CoRE Working Group T. Zotti
Internet-Draft Philips Research
Intended status: Informational P. van der Stok
Expires: April 2, 2016 Consultant
E. Dijk
Philips Research
September 30, 2015

Sleepy CoAP Nodes


Control networks rely on application protocols like CoAP to enable RESTful communications in constrained environments. Many of these networks make use of "Sleepy Nodes": battery powered devices that switch off their (radio) interface during most of the time to conserve battery energy. As a result of this, Sleepy Nodes cannot be reached most of the time. This fact prevents using normal communication patterns as specified in the CoRE group, since the server-model is not applicable to these devices. This document discusses and specifies an architecture to support Sleepy Nodes such as battery-powered sensors in mesh networks with the goal of proposing a standardisation solution for Sleepy Node proxies.

Status of This Memo

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This Internet-Draft will expire on April 2, 2016.

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Table of Contents

1. Introduction

Control networks rely on application protocols such as CoAP to enable RESTful communications in constrained environments. Many of these networks feature "Sleepy Nodes": battery-powered nodes which switch on/off their communication interface to conserve battery energy. As a result of this, Sleepy Nodes cannot be reached most of the time. This fact prevents using normal communication patterns as specified by the CoRE group, since the server model is clearly not applicable to the most energy constrained devices.

This document discusses and specifies an architecture to support Sleepy Nodes such as battery-powered sensors in wireless networks. The proposed solution makes use of a Proxy Node to which a Sleepy Node delegates part of its communication tasks while it is not accessible in the wireless network. Direct interactions between Sleepy Nodes and non-Sleepy Nodes are only possible, when the Sleepy Node initiates the communication.

Earlier related documents treating the Sleepy Node subject are the CoRE mirror server [I-D.vial-core-mirror-server] and the Publish-Subscribe in the Constrained Application Protocol (CoAP) [I-D.koster-core-coap-pubsub]. Both documents describe the interfaces to the proxy accompanying the Sleepy Node. Both make use of the observe option discussed in [I-D.ietf-core-observe]. This document describes the roles of the nodes communicating with the Sleepy Node and/or its proxy. The draft describes the differences between the concepts supporting the Sleepy Node, and the concepts underlying the PubSub paradigm.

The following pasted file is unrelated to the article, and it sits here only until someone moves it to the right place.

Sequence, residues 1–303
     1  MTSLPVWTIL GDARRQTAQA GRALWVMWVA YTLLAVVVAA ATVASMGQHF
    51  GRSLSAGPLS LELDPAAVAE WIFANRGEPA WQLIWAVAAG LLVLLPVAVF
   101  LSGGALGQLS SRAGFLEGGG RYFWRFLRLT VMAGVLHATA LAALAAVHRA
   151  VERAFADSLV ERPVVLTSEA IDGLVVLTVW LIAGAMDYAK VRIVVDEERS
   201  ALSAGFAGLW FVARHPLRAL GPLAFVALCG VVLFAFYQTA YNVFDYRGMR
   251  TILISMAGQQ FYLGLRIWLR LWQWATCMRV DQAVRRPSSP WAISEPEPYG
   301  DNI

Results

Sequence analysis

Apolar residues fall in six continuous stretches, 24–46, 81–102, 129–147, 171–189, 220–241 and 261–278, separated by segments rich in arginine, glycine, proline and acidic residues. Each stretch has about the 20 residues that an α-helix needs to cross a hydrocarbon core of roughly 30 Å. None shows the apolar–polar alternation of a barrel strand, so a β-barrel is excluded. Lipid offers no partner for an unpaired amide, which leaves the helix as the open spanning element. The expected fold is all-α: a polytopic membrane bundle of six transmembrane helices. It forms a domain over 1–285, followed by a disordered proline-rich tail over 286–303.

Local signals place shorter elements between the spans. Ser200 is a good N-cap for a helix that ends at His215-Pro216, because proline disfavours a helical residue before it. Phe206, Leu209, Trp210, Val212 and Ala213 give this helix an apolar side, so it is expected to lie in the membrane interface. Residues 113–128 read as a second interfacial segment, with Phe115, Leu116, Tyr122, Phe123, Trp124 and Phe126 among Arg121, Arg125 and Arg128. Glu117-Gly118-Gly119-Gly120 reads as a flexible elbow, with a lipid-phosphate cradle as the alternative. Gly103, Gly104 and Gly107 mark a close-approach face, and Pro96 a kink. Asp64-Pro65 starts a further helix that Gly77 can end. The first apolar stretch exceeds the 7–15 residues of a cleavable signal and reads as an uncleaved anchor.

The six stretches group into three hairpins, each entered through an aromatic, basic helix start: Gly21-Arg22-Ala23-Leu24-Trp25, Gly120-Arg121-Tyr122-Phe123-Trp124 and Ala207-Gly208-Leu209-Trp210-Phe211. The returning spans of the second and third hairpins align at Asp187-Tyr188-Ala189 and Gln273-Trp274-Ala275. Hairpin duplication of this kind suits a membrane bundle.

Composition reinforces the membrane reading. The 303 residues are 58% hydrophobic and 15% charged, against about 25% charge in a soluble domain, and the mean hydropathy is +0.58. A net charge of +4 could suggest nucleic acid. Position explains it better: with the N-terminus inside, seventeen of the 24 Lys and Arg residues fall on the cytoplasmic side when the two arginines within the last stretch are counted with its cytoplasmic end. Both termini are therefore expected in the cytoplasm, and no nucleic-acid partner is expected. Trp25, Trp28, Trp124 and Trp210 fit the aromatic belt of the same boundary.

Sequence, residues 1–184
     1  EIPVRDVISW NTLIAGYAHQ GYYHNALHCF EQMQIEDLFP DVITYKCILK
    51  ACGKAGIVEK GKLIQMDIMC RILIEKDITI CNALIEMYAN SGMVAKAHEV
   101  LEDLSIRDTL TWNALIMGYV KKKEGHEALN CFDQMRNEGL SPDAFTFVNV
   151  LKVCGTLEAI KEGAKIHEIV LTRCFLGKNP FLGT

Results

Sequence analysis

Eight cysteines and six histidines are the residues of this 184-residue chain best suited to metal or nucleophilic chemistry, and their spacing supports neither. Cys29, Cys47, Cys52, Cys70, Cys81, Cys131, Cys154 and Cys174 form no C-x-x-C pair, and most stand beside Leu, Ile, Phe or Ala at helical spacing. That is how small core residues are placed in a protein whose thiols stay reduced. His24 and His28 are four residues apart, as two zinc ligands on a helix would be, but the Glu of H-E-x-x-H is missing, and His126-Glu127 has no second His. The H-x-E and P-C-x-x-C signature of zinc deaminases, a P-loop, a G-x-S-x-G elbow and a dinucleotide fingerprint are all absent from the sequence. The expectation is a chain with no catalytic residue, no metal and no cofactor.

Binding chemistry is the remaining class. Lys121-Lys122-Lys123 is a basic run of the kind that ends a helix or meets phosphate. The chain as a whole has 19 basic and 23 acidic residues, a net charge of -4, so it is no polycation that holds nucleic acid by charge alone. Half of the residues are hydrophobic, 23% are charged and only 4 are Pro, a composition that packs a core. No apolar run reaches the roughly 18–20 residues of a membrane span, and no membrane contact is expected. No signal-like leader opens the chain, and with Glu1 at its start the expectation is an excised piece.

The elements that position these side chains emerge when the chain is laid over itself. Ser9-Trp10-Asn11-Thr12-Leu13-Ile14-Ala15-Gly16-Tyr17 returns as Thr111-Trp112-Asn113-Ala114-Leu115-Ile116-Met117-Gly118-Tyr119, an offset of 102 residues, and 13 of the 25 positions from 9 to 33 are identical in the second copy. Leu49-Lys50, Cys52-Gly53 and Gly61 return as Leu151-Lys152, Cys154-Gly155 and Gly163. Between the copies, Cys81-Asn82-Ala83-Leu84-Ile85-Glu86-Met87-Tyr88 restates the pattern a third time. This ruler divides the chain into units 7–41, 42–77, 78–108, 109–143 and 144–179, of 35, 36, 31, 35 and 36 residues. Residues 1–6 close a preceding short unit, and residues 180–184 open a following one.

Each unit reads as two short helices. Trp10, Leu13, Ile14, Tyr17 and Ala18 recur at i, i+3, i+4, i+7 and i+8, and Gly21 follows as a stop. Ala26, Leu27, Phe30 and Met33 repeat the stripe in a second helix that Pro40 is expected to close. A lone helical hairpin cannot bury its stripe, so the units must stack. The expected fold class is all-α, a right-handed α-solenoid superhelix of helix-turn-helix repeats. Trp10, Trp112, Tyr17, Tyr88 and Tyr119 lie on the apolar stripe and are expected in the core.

The draft relies heavily on the concepts introduced by the Resource Directory [I-D.ietf-core-resource-directory], and describes how the Sleepy Node profits of the introduction of a Resource Directory into the network.

The issues that need to be addressed to provide support for Sleepy Nodes in Control networks are summarized in Section 1.1. Section 2 provides a set of use case descriptions that introduce communication patterns to be used in home and building control scenarios. Section 4, Section 5,Section 6, and Section 7 specify interfaces to support each of these scenarios. Many interface specifications and examples are taken over from [I-D.vial-core-mirror-server].

1.1. Problem statement

During typical operation, a Sleepy Node has its radio disabled and the CPU may be in a sleeping state. If an external event occurs (e.g. person walks into the room activating a presence sensor), the CPU and radio are powered back on and they send out a message to another node, or to a group of nodes. After sending this message, the radio and CPU are powered off again, and the Sleepy Node sleeps until the next external event or until a predefined time period has passed. The main problems when introducing Sleepy Nodes into a wireless network are as follows:

Problem 1: How to contact a Sleepy Node that has its radio turned off most of the time for:

Problem 2: How to discover a Sleepy Node and its services, while the node is asleep:

Problem 3: How a Sleepy Node can convey data to a node or groups of nodes, with good reliability and minimal energy consumption.

1.2. Assumptions